Fair Warning: How to Prepare for Cyber Adversaries


Health care data security iconMore than half the hospital executive respondents to a recent Healthcare IT News survey indicated they were planning security upgrades to IT infrastructure in 2017. It’s not surprising that increasing security would be a top priority for healthcare providers, outpacing such choices as analytics, patient engagement, population health or EHRs.

In terms of sheer number of patient and medical records compromised, 2016 was a relatively quiet year when compared with the huge healthcare data security breaches of 2015, when more than 113 million records were breached, according to the Breach Barometer Report. Reported breaches in 2016 were slightly over 27 million.

But before you breathe a huge sigh of relief, you should recall that several large health plans were hit by breaches in 2015, which skewed the numbers. If you just look at the number of data breaches—regardless of number of records compromised—incidents increased nearly 80%, from 253 to 450 in 2016. That’s more than one breach per day, a quite sobering statistic.

Other statistics from the breach report show that more than four in five breaches were reported by healthcare providers, as opposed to health plans or business associates. Employees were responsible for 43% of breaches, whether by intentional snooping or theft or by error, such as unknowingly clicking on malware. But more than one-quarter of all incidents were caused by hacking or ransomware, which rightfully concerns healthcare executives.

Attacks becoming more targeted

When you think of a data attack, you probably imagine hackers trying to gain access to the widest number of records possible. And you may be right. However, smaller practices and providers—as well as individual departments within health systems—could be more vulnerable because security may not be a prime driver among both technical and non-technical staff.

The push towards interoperable healthcare IT systems also can be a challenge to providers of all sizes. The links among systems can be weak spots in a provider’s security plan, and older technology may not have the same level of security as newer systems do.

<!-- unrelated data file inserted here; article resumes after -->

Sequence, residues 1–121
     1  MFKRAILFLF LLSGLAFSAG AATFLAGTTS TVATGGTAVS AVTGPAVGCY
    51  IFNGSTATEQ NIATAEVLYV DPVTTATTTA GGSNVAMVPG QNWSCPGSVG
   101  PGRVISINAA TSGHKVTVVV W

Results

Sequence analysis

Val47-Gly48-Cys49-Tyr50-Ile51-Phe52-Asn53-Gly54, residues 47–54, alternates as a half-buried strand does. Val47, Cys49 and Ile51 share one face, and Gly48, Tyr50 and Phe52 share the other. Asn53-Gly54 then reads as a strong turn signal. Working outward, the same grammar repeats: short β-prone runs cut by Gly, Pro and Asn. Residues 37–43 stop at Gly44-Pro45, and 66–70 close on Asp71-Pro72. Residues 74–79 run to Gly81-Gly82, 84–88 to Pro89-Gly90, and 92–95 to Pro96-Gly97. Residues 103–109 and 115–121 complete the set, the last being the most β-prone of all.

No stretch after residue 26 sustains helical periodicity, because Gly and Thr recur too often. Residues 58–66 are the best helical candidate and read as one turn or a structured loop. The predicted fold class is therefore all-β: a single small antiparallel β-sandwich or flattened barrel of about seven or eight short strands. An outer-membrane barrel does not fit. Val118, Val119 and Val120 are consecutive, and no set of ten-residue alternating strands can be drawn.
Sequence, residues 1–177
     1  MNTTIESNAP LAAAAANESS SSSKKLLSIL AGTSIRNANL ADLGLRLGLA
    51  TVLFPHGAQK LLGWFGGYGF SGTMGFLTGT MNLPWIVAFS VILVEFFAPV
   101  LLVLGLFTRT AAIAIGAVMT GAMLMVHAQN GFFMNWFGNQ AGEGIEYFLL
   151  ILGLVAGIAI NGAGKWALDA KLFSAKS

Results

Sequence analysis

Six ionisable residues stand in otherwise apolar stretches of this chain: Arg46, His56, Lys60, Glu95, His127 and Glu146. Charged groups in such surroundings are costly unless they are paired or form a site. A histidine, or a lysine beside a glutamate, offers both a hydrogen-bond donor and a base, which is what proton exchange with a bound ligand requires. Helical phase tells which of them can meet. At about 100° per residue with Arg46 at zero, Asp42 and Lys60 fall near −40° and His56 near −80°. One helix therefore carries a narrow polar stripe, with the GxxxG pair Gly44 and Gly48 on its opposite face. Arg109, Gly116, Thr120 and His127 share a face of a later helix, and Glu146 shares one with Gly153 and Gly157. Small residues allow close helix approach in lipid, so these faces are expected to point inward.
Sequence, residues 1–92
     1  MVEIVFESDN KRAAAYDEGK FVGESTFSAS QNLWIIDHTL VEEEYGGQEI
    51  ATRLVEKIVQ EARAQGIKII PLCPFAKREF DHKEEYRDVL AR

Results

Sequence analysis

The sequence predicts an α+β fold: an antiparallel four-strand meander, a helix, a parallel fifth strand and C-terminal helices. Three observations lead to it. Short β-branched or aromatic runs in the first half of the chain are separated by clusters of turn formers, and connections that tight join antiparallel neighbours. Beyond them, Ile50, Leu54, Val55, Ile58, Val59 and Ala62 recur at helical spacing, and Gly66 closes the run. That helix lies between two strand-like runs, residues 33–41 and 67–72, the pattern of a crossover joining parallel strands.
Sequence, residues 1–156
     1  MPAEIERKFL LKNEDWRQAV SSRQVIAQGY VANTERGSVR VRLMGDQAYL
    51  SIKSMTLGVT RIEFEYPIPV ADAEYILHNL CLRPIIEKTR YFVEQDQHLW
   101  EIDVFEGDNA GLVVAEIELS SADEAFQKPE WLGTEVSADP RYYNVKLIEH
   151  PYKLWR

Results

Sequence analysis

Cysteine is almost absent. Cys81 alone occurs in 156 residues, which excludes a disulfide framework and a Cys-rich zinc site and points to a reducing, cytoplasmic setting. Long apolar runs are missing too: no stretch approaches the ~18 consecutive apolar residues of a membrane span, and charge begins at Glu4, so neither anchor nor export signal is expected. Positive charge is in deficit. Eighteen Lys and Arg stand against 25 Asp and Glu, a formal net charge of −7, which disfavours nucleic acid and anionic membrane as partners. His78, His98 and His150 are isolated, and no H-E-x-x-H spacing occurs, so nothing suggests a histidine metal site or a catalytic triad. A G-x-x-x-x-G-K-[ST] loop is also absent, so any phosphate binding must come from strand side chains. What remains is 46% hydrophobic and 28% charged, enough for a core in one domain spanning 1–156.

“More and more, healthcare systems are becoming the target of cybersecurity attacks,” said Evgueni Loukipoudis, CTO and CIO at Change Healthcare Imaging and Workflow Solutions.

But security should work in conjunction with provider needs to tend to patients immediately. You know how hard it is to recall the password for that system you use only occasionally. Add the pressure of a patient’s vital signs crashing in front of you while you try to call up a medication history, and you begin to understand the need to think of security and access at the same time.

Close technical coordination can hamper criminals while also promoting data access

Change Healthcare has been working toward bridging gaps in its products, making them interoperable from a technology standpoint not only within the Change Healthcare product family but with competing, yet complementary products upstream and downstream.

“Change Healthcare is committed to interoperability and to the success of our customers,” said Tomer Levy, general manager, Workflow and Infrastructure. “One way we demonstrate our commitment is that we strive to make our solutions and products are interoperable by design. That means, operationally, they are not tied to just Change Healthcare systems—they are designed to interact with other systems as well.”

Tighter product coordination won’t eliminate all security risks, but it will leave fewer weaknesses in an overall system. And that can play a part in an overall security plan that gives health system executives peace of mind that they are doing everything within reason to safeguard patient records and other protected information.

To learn more about how we can help you address your security workflow and interoperability needs, book a demo or meeting in advance or visit Change Healthcare booth 3479 at the upcoming HIMSS ’17 in Orlando, Florida this month.

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